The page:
Yet in other postcolonial countries, such as the United States, or countries marked by colonial threats but never dominated by them, such as Japan, the effect has been subtler because historical continuity was never snapped. The United States, of course, has become as much a mythological country as an actual one; its history is invested with a significance rather unlike that of a European country (save perhaps France since the Revolution). If America is embarked on an historical experiment in democratic self-governance, and one which seeks not only to prove that a republic can survive but that it can be virtuous, then every epoch is an interim report on that experiment, every setback a blow to the hypothesis, every advance an indication that the theory is plausible after all. Few other countries are so endowed with an ideological significance; tellingly, the most important other country to so publicly and deeply stake its legitimacy and its identity on an ideological proposition survived not even until its seventy-fifth anniversary, despite its still-impressive power. And even today, there are many throughout the former Soviet Union (although these principally Russians) who believe in the ideology that motivated that short-lived colossus, so attractive–to them, anyway–was the idea of Communism, so strong their will-to-believe.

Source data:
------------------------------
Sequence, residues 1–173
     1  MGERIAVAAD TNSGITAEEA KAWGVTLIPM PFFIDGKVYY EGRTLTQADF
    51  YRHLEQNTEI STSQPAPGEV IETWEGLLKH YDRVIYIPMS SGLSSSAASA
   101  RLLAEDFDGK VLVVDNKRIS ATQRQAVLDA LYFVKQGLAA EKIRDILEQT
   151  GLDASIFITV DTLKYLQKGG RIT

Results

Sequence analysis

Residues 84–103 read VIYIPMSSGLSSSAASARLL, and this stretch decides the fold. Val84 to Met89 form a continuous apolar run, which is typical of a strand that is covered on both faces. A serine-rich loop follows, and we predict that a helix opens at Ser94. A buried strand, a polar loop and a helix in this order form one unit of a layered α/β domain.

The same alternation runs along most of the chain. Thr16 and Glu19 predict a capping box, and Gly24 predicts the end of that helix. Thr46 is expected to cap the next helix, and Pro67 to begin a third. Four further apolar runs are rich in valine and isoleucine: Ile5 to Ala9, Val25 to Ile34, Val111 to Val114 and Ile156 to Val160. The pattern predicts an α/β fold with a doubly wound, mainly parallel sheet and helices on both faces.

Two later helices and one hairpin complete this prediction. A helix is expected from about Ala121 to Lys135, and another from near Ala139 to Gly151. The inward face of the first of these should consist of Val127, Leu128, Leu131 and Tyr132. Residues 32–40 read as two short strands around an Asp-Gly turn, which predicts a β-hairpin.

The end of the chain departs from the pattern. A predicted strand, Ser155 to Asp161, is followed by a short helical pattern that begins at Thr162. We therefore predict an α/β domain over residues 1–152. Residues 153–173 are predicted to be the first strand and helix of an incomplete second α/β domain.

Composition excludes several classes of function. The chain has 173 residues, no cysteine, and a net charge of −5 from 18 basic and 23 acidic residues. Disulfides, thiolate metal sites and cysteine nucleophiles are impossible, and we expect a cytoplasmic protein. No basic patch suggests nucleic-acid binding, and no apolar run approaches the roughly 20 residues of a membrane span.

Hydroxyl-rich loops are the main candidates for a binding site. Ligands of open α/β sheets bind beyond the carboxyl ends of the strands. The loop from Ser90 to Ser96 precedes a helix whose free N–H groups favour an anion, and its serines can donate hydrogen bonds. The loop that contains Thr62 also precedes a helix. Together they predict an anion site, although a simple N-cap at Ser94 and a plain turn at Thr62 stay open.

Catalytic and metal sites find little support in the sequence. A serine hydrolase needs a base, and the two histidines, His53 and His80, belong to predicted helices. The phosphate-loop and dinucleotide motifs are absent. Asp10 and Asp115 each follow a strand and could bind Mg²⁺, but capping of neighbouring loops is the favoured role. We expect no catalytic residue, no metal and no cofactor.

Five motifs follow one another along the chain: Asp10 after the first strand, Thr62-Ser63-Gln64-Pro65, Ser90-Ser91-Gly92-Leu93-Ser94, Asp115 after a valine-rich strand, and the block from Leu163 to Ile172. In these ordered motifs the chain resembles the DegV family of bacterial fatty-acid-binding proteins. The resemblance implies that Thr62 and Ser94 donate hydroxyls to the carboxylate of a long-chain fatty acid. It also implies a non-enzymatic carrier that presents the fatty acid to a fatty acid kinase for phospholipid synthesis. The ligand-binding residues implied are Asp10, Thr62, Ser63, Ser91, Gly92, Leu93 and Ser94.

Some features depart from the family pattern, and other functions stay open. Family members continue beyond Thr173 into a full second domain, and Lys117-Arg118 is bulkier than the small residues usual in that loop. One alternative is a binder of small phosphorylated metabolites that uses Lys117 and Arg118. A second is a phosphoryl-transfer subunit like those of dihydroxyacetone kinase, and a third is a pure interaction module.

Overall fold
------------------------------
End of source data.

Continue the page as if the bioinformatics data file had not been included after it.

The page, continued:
The United States, of course, is in some respects a normal country. Our rivers, mountains, and plains are celebrated even when they are somewhat dull; the Founding Fathers are venerated almost to the point of idolatry, the misunderstandings and worship of their every deed a suffocating force for a whole class of Americans; and there yet remain many who believe that an “American” is an ethnic, not merely a cultural and a political, marker (viz., that an “American” is, essentially, a white Protestant). It should be obvious that certain of these traits have been accepted by the public to varying degrees over the years; the ethnic identitification, in particular, has been waning for at least the better part of a half-century. But it should be equally clear that what I say next must be understood in the context of these competing roots of American patriotism–that many who share the somewhat esoteric ideas I am about to lay out may also love simply the “normal” attributes of America, in a way that would be familiar to an English or a German patriot.